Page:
By Arun Kumar

WASHINGTON– Suggesting that patent protection in India remains outside of international best practice, the US Chamber of Commerce has ranked the country second-last in an International Index of Intellectual Property (IP) environment in 38 economies.

Indian law does not provide adequate enforcement mechanisms to effectively combat online piracy, said the 4th annual International IP Index “Infinite Possibilities”, produced by the Chamber’s Global Intellectual Property Centre (GIPC).

David Hirschmann
David Hirschmann

Venezuela finished last out of the 38 economies studied, while the US ranked first.

While India’s score was largely unchanged, overall, half of the 38 economies, which account for nearly 85 percent of global gross domestic product (GDP), improved their total score from last year’s Index, the chamber said.

This indicated increased recognition of the benefits of intellectual property (IP) and a strong IP system, it said.

The index is based on 30 measurable criteria critical to innovation including, patent, copyright and trademark protections, enforcement, and engagement in international treaties, among others.

“This year’s Index illustrates that many countries embraced the upward momentum in the global intellectual property environment, and continued to take steps to improve their IP systems,” said David Hirschmann, president and CEO of GIPC.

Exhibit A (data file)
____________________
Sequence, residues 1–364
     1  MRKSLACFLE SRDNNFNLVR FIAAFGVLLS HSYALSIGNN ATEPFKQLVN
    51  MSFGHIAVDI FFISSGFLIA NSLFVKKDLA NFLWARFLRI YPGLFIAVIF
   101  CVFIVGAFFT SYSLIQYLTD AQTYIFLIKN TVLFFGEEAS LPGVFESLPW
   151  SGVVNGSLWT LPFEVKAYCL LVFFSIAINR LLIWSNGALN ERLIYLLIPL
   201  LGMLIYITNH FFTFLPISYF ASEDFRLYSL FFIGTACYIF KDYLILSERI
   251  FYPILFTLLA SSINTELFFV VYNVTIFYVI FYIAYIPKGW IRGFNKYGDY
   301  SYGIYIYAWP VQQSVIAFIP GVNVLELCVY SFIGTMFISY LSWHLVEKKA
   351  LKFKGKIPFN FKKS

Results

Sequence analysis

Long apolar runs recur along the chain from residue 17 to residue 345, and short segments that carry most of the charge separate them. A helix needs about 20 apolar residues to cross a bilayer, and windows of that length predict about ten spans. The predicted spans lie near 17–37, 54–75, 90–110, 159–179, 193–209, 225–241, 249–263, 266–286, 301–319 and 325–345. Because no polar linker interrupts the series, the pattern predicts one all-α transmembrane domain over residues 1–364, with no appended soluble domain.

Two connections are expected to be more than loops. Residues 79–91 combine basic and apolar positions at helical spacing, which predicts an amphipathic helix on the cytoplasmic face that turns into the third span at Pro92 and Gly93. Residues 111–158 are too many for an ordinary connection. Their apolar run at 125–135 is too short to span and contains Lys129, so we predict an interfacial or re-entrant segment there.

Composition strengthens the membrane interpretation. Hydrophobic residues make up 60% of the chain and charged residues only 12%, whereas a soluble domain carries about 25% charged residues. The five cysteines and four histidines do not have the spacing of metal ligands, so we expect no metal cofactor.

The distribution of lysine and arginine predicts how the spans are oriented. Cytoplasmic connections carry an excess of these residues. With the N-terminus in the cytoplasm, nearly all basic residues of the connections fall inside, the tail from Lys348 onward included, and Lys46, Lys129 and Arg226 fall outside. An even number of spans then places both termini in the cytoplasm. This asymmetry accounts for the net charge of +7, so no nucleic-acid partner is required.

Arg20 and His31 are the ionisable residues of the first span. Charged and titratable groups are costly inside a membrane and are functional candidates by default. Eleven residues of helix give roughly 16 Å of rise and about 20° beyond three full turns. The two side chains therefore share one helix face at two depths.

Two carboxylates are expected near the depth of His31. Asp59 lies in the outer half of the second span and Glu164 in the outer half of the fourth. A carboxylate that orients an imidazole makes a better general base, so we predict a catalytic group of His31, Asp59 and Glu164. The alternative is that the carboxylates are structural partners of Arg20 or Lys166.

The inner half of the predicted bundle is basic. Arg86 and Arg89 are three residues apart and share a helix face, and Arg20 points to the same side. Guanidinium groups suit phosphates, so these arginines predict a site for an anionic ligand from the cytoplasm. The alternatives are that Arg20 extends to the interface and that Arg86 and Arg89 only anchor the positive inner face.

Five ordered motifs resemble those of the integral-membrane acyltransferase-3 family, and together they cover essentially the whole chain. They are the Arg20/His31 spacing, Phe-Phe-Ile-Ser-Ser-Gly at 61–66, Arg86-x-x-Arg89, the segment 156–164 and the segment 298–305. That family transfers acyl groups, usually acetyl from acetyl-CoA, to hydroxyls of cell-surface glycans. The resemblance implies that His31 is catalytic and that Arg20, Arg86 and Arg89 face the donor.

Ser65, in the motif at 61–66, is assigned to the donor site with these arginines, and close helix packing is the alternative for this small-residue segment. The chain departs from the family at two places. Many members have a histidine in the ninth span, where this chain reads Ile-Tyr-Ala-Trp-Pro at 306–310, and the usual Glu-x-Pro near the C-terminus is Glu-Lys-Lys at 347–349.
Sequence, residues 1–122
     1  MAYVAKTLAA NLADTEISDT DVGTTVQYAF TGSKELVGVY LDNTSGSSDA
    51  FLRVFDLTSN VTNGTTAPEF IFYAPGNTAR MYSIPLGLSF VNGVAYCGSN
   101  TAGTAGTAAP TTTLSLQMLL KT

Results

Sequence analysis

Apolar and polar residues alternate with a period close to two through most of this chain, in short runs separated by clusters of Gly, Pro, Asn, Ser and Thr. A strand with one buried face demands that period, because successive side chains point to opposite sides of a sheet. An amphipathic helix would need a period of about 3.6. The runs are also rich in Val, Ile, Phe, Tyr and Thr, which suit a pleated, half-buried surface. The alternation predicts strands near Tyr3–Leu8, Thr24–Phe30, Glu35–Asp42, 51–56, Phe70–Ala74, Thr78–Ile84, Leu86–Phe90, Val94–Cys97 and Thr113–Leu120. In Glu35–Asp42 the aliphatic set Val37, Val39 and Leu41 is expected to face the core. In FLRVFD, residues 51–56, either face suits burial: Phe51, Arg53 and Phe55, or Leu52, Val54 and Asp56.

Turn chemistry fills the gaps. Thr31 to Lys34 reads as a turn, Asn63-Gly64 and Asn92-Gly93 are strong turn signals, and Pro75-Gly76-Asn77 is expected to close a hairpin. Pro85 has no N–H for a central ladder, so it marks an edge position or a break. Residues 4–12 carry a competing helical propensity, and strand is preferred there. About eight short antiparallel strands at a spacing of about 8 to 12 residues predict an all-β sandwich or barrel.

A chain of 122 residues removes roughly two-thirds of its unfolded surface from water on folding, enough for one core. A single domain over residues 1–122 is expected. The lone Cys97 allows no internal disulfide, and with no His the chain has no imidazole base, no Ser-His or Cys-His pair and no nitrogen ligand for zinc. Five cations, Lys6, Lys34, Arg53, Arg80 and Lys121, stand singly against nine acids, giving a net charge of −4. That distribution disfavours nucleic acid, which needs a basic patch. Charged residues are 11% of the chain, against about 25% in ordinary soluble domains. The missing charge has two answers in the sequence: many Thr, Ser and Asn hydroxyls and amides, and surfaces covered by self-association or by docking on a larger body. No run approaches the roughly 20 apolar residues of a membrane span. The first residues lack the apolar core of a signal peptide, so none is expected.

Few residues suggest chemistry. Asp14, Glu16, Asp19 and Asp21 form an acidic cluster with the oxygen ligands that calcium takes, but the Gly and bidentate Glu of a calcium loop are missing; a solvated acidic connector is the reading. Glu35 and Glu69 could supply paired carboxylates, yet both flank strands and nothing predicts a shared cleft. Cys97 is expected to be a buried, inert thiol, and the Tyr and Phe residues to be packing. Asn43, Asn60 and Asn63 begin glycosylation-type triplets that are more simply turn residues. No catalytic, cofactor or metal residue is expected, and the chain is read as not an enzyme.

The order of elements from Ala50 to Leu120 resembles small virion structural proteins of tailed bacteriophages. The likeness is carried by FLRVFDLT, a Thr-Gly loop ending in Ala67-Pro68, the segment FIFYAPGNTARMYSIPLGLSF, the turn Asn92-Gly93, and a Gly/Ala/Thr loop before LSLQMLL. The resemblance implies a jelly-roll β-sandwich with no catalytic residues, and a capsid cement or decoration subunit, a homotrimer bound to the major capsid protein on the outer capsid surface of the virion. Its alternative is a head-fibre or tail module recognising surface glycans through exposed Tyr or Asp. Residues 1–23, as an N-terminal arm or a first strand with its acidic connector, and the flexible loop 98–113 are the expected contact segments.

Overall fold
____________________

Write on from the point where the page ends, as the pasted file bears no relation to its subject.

“While we have been encouraged by the Modi Administration’s rhetoric to improve India’s IP environment, we have yet to see it translate into concrete action,” he said.

Listing India’s key areas of strength, the Index noted that the government of India continued to make positive statements during 2015 on the need to introduce a strong IP environment.

However, it suggested that India’s patentability requirements were outside international standards and regulatory data protection and patent term restoration were not available.

The Indian patent law, it said, adds an additional patentability requirement beyond the required novelty, inventive step, and industrial applicability requirements.

Indian compulsory licensing legislation and the continued consideration of such licenses for biopharmaceuticals outside of public emergencies is one of the primary reasons India’s IP regime continues to be an international outlier, the US chamber said.

Indian law is also not clear as to the availability and requirements of a notice and takedown system, it said.

India is not a contracting party to any of the international treaties included in the Index, nor has India concluded an FTA with substantial IP provisions since acceding to the TRIPS Agreement, the chamber said.